Lee Valley Tools    Woodworking Newsletter
   Vol. 6, Issue 6
   July 2012
 
   From the Collection
 

Birmingham Planes

Birmingham Planes

It has been said that having one of a particular item is decorative, having two can be pleasing to the eye, but any more than that constitutes a collection. In the woodworking world, there has been much debate between users and collectors as to the importance and validity of the preservation of older tools. It is easy to get caught up in the acquisition of woodworking planes, in this case, because of the never-ending variation of types that were produced by certain manufacturers. That said — you have our assurance that the planes shown here were obtained for research purposes only and Lee Valley has not fallen into the trap of collecting just to have the biggest or the best pile. I also have it on good authority that in the future, there will be strict enforcement of the catch-and-release program for antique tools. Well, maybe.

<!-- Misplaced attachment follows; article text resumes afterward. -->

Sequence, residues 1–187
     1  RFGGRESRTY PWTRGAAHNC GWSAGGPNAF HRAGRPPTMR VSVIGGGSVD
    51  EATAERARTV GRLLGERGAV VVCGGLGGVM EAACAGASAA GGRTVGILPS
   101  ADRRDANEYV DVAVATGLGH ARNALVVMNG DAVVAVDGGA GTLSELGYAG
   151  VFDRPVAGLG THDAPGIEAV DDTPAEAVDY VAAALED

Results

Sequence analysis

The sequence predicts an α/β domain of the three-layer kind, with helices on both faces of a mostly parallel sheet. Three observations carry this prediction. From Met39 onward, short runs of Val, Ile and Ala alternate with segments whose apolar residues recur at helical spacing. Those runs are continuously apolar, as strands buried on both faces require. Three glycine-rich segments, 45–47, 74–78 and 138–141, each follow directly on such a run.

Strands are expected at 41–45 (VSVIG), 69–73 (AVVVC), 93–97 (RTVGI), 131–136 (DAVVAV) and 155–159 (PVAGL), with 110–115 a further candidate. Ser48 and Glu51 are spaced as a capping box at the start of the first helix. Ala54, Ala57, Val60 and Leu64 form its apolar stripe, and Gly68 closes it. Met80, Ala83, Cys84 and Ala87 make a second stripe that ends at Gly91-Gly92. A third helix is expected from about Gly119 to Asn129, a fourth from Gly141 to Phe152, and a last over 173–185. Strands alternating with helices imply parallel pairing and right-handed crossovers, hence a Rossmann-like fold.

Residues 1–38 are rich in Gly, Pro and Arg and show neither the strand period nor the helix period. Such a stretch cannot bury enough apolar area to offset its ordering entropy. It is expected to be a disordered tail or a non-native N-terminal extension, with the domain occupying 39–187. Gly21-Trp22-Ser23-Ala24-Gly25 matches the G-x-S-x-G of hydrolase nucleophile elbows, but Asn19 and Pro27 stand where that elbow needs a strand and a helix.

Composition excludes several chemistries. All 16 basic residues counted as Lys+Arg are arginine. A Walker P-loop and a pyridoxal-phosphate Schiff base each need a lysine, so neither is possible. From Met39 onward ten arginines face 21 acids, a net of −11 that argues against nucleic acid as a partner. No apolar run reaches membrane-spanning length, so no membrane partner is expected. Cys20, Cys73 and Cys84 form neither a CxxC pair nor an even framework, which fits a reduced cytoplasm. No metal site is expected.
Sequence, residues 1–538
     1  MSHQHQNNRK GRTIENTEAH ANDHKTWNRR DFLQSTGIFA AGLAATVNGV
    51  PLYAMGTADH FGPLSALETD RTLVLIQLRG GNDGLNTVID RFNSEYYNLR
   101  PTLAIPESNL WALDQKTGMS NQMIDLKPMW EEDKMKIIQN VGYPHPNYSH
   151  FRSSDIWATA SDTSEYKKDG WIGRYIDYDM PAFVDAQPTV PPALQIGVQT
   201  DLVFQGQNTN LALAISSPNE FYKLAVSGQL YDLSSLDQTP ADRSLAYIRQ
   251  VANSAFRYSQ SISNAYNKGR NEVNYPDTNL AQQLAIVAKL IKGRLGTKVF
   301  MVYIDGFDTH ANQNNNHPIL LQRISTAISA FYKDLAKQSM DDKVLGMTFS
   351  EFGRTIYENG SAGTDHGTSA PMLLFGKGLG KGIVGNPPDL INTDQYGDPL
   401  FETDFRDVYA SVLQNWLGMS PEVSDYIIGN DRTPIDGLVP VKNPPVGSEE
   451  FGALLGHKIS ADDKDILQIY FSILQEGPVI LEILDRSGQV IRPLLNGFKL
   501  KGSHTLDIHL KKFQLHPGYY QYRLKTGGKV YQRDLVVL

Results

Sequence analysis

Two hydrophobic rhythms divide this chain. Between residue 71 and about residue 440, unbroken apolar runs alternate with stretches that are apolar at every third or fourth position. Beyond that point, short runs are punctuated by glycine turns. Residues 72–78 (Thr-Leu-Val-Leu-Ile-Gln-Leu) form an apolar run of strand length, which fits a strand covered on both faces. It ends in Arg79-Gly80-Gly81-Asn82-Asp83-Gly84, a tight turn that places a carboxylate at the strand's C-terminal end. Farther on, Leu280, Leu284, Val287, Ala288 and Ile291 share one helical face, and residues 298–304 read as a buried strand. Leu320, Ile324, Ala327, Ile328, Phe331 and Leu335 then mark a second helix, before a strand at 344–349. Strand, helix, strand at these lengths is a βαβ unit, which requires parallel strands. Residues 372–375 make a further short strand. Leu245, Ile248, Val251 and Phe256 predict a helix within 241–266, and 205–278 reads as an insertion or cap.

George D. Mosher of Birmingham, Connecticut, took out patent #309,400 in 1884 which claimed an improvement in the method in which metal-bodied woodworking planes were made. However, earlier patent #296,207, held jointly by Mosher and W.H. Ford, outlined the prototype for this style of plane. The Birmingham Plane Company (1885 – 1900) boasted an impressive list of principals, including Solon R. Rust and O.R. Hayworth, all of whom were inventors with their own respective tool patents; they formed the governing body of the company. Given the highly sophisticated molding and casting abilities of the American foundries during that period, it is easy to see how these designs could be ably executed and also a striking departure from the conventional style of planes produced by the other American manufacturers. They were, quite simply, distinct and appeared to be more robust and to have fewer parts that could break.
 
 
         
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